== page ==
I WAS like a child at Christmas, full of excitement when I sat down to open a mystery box I bought off the internet.
The brown cardboard container hardly looked like it was full of treasures from the outside – but I had been promised a bounty of unknown food worth more than the £1 paid.
I picked up the bargain box from Approved Food, a website where you can find everyday items on sale for discount prices because they are near or past best-before dates.
For example, you can get Felix cat food pouches for as little as 20p compared to the cheapest supermarket price of 33p, and a 48-pack of Walkers crisps for £5.50 – just 11p per bag.
On top of mega bargains like this, every so often the online-only retailer sells the Approved Food "lucky box".
It promises to be filled with products worth more than £1 and shoppers rave about them, saying they are "superb value" and filled with "an unreal amount of stuff".
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I decided to put it to the test – handing over my money with no clue what I would get inside the mystery box to see if it's worth it.
What was in my £1 lucky box?
Cracking open the box, I instantly spotted some familiar brands like Walkers and Coca Cola.
There were two packets of crisps inside, one cheese and onion and another salt and vinegar.
I was surprised I had pulled out such popular flavours – I assumed I'd be getting unwanted items that were left on shelves unsold.
At around 75p each from a supermarket, I'd already made back my £1 outlay and there were still plenty of other goodies to dig through.
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A can of Coke Zero and a Green and Blacks chocolate bar, both of which normally retail for around 95p, were other decent brand names – and items I might buy at full price anyway.
There were a handful of snack bars, two each from Graze and Organix.
Although I could only find these for sale in packs of four or six, the approximate cost for each individually was around 50p.
One downside was that the Graze bars were banana, a flavour I can't stand. But my husband would be very happy to take the snack off my hands, I'm sure.
A bag of Ainsley Harriet couscous (usually 60p) and charcoal noodles (about 99p usually and not necessarily something I'd pick myself) were both items easily used in a dinner recipe.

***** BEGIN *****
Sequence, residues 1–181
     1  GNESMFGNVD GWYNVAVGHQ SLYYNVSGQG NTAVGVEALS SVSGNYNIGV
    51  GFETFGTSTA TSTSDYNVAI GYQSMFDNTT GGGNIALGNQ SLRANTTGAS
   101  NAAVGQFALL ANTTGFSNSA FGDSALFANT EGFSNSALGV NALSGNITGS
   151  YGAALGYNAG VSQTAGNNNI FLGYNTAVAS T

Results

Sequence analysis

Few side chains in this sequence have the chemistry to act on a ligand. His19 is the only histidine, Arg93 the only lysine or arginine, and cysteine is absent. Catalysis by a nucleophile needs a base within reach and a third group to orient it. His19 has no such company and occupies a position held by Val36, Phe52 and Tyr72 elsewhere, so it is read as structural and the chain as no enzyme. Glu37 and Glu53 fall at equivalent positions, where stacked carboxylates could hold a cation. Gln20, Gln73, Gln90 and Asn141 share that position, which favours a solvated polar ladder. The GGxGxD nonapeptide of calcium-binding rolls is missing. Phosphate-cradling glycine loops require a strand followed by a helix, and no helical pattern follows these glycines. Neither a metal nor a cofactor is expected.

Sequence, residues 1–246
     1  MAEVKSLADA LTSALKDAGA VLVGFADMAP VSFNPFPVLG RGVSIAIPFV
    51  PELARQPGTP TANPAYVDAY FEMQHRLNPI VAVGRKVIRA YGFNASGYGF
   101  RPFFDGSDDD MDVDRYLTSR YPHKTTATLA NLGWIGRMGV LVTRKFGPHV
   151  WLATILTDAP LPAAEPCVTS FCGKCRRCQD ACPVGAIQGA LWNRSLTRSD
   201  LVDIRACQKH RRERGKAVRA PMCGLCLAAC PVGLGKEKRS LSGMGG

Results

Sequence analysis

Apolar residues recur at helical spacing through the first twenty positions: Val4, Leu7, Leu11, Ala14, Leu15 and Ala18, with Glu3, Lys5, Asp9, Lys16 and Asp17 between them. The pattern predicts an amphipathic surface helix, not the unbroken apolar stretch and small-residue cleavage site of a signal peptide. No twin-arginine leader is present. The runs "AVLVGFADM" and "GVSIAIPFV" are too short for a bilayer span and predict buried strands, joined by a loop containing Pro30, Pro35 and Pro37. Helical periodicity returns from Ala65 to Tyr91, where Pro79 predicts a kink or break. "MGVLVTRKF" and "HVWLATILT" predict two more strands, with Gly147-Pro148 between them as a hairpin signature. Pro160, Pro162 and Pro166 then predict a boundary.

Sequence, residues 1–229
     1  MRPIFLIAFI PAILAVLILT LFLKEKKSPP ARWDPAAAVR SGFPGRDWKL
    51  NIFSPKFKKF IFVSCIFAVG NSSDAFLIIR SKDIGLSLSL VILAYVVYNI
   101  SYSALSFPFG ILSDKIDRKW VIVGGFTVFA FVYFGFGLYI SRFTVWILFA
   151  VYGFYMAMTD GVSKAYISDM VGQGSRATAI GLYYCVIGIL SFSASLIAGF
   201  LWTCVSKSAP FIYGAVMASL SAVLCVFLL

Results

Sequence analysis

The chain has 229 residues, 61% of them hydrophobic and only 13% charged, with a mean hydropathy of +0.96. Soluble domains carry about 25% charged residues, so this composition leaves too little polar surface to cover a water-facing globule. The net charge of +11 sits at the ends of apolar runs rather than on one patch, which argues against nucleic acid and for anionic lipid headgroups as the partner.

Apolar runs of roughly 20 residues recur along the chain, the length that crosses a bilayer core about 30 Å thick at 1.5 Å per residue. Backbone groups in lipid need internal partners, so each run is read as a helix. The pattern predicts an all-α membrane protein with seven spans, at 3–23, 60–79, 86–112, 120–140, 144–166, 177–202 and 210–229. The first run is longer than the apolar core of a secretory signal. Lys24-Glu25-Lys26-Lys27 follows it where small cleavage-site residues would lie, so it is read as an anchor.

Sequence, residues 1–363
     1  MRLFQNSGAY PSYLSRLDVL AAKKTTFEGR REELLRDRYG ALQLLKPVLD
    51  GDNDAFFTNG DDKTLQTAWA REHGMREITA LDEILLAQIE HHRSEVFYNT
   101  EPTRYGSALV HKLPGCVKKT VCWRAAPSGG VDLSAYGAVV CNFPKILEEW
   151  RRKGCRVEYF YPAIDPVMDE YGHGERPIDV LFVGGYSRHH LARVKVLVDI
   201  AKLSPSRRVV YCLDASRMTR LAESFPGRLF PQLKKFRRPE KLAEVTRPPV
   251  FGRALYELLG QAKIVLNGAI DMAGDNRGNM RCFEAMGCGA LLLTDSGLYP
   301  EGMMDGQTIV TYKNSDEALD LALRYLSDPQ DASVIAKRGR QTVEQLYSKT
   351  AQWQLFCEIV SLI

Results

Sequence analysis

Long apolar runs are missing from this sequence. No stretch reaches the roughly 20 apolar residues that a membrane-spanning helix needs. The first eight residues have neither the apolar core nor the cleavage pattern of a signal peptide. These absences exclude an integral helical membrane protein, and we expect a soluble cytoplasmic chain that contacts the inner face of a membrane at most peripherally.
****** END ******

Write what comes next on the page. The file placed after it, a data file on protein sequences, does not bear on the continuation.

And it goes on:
I also came up trumps with a Boost chocolate bar (worth 55p), and a couple of chocs from Miniature Heroes and Lindt.
You'd usually get these in a box, so I'd roughly value these altogether at around 20p.
But there was one item in the box which I definitely wouldn't ever eat – a handful of loose jellybeans thrown in loose, which I can only guess were for decoration.
They were the last items I found rolling around at the bottom of the cardboard box, and I couldn't believe my eyes.
I'm nervous about the hygiene of pick n' mix at the best of times, but the strange sprinkling of sweets slightly soured the otherwise decent haul.
Here's all the items I got in my Approved Food lucky box and how much you'd normally pay.
- Morrisons grissini breadsticks 90p
- Coke Zero 95p
- Green & Blacks chocolate bar 95p
- Boost chocolate bar 55p
- Voss water £1.25
- Graze oat boost x2 £1.25
- Organix bar x2 83p
- Walkers crisps x2 £1.50
- Noodl charcoal noodles 99p
- Ainsley Harriet couscous 60p
- Sweets 20p
The verdict: is it worth it?
In my lucky box I got 11 products, which works out as just 9p per item – not bad at all. Not including the jelly beans, of course.
If I were to buy all these at the shops I would have paid just shy of a tenner – £9.97 to be exact.
While you don't know what you're getting and many of the items were things I wouldn't necessarily choose, I was still impressed with the haul.
There's not an item in the box that I wouldn't eat, other than the banana Graze bars, which is just down to taste. And let's just ignore those rogue jelly beans.
If you don't get anything you like (which I think is unlikely) you've only lost a quid and you can always give it to friends, family or neighbours – or donate it to a food bank.
All the items in my box were still in date too – some were within a month or two of their best before date, and others nearly a year.
It's worth noting that any product you get is safe to eat, even if it is past the best before date.
Best before dates are an indicator of quality, whereas use-by dates indicate if a product is safe to eat or not – and you shouldn't eat any food after the use-by date.
There is one crucial drawback to be aware of though – you can't just spend £1 to get a lucky box.
Approved Food has a minimum spend of £22.50 per order.
If you plan on spending the money at Approved Food anyway, adding a £1 box on makes sense, if it's available.
They are on sale roughly every month or two, and you can sign up to email alerts, which say when they're back – but be aware you're limited to one per order.
To make the minimum order, I bought dog food as it's something I always need, plus it was cheaper than I'd normally get it at my local pet shop.
You'll also pay delivery on top – how much depends how much you order, but it starts from £3.
Overall I was impressed with the number of items I got the brand names in there and the overall value of them.
Like other shoppers, I think it's worth getting if you're shopping with Approved Food anyway and I would buy it again.
Meanwhile, you’ve been shopping at Lidl all wrong – here are six ways to bag a bargain.
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